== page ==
Tuesday, August 7, 2012

What If They Had Treated Him When He First Showed Signs of Mental Illness?

Loughner has, under intensive treatment, recovered his sanity enough to stand trial, so he pleaded guilty.  From August 7, 2012 Wall Street Journal:

Mr. Loughner's plea spares him the death penalty and came soon after a federal judge found that months of forcibly medicating him to treat his schizophrenia had made the 23-year-old competent to understand the gravity of the charges and assist in his defense.
Under the plea, he will be sentenced to life in federal prison without the possibility of parole.
What if, when he was first expelled for college for his frightening statements, and in light of his history of behavior that had brought him to the attention of the police, he had been committed and treated?  Six people wouldn't be dead.  Dozens of others would not be still recovering both physically and emotionally from what happened.

And, it appears, Holmes' psychiatrist was sufficiently worried about his mental health to break doctor/patient confidentiality and contact police weeks before the killings in Aurora:  From August 6, 2012 ABC Nightline:

The psychiatrist who treated suspected movie-theater shooter James Holmes made contact with a University of Colorado police officer to express concerns about her patient's behavior several weeks before Holmes' alleged rampage, sources told ABC News.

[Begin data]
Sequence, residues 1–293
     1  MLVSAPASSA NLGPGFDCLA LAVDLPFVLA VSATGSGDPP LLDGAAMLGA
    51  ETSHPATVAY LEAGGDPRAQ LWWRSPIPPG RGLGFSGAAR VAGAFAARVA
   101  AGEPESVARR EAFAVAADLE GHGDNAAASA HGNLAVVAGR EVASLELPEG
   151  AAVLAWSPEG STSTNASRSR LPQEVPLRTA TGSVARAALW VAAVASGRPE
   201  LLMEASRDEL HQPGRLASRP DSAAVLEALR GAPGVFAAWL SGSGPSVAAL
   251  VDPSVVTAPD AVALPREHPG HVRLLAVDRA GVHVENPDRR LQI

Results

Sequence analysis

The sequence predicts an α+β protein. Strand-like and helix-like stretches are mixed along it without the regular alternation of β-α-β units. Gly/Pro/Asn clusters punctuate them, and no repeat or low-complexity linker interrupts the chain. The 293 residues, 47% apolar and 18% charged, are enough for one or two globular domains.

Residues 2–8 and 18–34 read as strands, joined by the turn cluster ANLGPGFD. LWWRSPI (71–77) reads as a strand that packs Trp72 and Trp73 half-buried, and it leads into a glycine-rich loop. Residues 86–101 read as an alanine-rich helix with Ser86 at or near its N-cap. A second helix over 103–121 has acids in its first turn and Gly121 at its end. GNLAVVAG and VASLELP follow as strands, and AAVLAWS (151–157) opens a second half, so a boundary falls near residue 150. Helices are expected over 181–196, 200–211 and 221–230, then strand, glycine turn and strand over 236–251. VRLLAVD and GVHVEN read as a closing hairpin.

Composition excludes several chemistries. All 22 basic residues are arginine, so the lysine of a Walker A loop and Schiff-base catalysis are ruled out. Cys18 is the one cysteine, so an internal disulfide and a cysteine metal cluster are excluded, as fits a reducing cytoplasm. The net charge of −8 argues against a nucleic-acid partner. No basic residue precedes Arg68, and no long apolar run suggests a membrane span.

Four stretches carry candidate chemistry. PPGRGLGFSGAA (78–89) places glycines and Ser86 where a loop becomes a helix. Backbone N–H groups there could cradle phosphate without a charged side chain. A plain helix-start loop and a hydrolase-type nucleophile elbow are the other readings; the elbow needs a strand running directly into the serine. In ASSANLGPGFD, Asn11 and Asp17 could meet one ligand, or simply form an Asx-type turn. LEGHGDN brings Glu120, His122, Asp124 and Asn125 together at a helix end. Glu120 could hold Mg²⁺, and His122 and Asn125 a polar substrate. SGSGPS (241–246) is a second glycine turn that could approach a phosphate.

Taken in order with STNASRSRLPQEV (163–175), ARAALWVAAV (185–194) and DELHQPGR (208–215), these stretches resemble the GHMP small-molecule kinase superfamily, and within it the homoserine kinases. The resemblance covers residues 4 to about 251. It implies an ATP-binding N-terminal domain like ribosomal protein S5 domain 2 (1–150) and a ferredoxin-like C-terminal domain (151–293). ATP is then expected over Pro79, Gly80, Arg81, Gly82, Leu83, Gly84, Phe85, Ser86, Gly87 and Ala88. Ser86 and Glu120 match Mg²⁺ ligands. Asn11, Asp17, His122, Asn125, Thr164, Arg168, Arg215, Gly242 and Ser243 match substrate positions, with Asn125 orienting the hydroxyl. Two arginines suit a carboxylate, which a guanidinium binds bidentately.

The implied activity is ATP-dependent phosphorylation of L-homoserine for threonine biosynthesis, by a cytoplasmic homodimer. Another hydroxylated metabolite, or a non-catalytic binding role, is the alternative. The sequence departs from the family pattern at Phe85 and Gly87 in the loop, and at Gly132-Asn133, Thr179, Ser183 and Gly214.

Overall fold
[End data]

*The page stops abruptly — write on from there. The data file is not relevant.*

The sources did not know what the officer approached by Dr. Lynne Fenton did with the information she passed along. They said, however, that the officer was recently interviewed, with an attorney present, by the Aurora Police Department as a part of the ongoing investigation of the shooting.
Fenton would have had to have serious concerns to break confidentiality with her patient to reach out to the police officer or others, the sources said. Under Colorado law, a psychiatrist can legally breach a pledge of confidentiality with a patient if he or she becomes aware of a serious and imminent threat that their patient might cause harm to others. Psychiatrists can also breach confidentiality if a court has ordered them to do so.
I'm guessing that this was a Tarasoff notification--one of those situations where a psychiatrist is required to break confidentiality in the interests of safety for others.


  1. "still recovering": if recovering.

  2. At least she had the good sense to ask for help. Of course, it wasn't there.

  3. So, if she broke confidentiality and disclosed info to the cops, it would have had to have been about a specific threat that he had made about harming someone. Which would have necessitated an investigation by the cops. Which you would think would involve interviewing Holmes himself at a minimum. Of course, the questions would almost certainly have made it clear to him that his psychiatrist had spilled his secrets.

    If all that is true, you have to wonder what effect that had on his state of mind and whether it pushes him towards his monstrous actions.

  4. It seems to me that we need psycho control more than gun control. Back in 1954, with a far smaller US population, we had a million people in mental hospitals. I think we need at least 2 million to be confined currently.